The best books are those ones which turn upside down our beliefs, and “Freakonomics” by Steven D. Levitt and Stephen J. Dubbner really does it. The journalist and the economist promise to show us the hidden side of everything, and truly follow the motion. From unobvious reason of the decline in criminality levels in the USA in the 1990s to the truth about negotiated matches in sumo, they intervene in all areas and examine the basics. Implicit connections of different events, unpredictable casual-effect relationships, and brilliantly bizarre examples, – reading this books felt more like following the detective story than a sociological or economic research.
“Freakonomics” provides us with a dozen of entertaining stories – it’s so pleasant to surprise your friends or colleagues with original examples during the argument, but also it shows the way of creative thinking. I believe, that anyone, who works in communications industry – no matter you do PR, journalism, advertising or marketing, – has to read this genuine work to widen the horizons. As the person without profound experience in seeking the insights, I enjoyed the cases from the book as good examples of typical human nature behaviors. You can study dozens of scientific articles about psychology and behaviorism or just look through some bright cases, picked by these two curious men, – the effect would be similar, but the second way is much more joyful. How to communicate effectively, how to recognize the lie and what makes people tell lies more or less often, why some people succeed and the others fail, and what differs leaders from dependents, – it’s important to know, and the scientists provide us will this sacred knowledge.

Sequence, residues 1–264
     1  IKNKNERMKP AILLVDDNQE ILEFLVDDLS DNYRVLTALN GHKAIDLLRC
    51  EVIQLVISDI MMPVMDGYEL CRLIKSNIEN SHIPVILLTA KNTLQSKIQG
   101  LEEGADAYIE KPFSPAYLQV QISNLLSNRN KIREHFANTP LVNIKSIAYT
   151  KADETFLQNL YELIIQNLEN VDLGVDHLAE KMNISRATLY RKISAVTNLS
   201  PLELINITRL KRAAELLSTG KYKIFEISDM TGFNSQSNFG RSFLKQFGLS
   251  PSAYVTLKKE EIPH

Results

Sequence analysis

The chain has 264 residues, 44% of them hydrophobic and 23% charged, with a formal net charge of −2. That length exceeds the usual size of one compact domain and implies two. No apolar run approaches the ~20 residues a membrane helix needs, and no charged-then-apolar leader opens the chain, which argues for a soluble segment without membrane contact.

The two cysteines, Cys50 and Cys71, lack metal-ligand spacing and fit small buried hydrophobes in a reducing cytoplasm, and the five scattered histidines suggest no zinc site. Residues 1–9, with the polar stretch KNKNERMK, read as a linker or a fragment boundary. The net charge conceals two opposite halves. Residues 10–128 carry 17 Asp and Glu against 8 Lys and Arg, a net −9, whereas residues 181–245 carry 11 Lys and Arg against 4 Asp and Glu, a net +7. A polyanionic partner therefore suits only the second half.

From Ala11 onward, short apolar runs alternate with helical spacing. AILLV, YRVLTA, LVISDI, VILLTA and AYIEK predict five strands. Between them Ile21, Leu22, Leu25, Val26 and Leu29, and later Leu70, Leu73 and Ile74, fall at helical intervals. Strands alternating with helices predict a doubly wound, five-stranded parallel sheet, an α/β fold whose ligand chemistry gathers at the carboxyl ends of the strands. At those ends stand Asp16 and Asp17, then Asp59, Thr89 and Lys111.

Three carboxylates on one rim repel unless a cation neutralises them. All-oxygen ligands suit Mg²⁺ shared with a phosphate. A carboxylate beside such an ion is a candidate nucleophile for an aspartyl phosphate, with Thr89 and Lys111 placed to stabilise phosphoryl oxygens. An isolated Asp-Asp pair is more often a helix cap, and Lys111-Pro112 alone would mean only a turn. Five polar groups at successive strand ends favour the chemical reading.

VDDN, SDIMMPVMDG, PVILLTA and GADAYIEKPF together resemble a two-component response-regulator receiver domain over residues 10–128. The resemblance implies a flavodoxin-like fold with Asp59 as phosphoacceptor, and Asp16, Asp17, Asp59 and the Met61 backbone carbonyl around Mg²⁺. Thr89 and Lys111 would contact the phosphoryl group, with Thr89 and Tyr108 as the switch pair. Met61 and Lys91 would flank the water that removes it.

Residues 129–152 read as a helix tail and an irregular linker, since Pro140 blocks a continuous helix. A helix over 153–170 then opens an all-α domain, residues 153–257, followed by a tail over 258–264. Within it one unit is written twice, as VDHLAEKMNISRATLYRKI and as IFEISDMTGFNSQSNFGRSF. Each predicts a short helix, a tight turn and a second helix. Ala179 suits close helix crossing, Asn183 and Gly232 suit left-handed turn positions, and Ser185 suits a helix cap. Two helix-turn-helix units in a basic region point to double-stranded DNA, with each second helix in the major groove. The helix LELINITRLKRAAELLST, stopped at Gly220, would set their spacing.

“If you really want to persuade someone who doesn’t wish to be persuaded, you should tell him a story” ― Steven D. Levitt, Stephen J. Dubbner, Think Like a Freak

Besides the insights, the series of books provide us with the model for creative thinking – and the third part, “Think like a Freak”, is a kind of textbook with a set of rules and theories to apply for world exploration. Being ‘a freak’ means to think out the box and go further and beyond with risky hypothesis to find out whether our extravagant ideas may be true. However, unlike other creative guides, these books do not aim to teach you how to succeed, they just show us how to be brave enough to explore. My favorite chapter was about giving up: you should be determined in your research, not blind.

“If it takes a lot of courage to admit you don’t know all the answers, just imagine how hard it is to admit you don’t even know the right question” ― Steven D. Levitt, Stephen J. Dubbner, Think Like a Freak

It’s not a novel, but not a popular science book either. It’s just the collection of convincing answers to the weirdest questions you can ever have.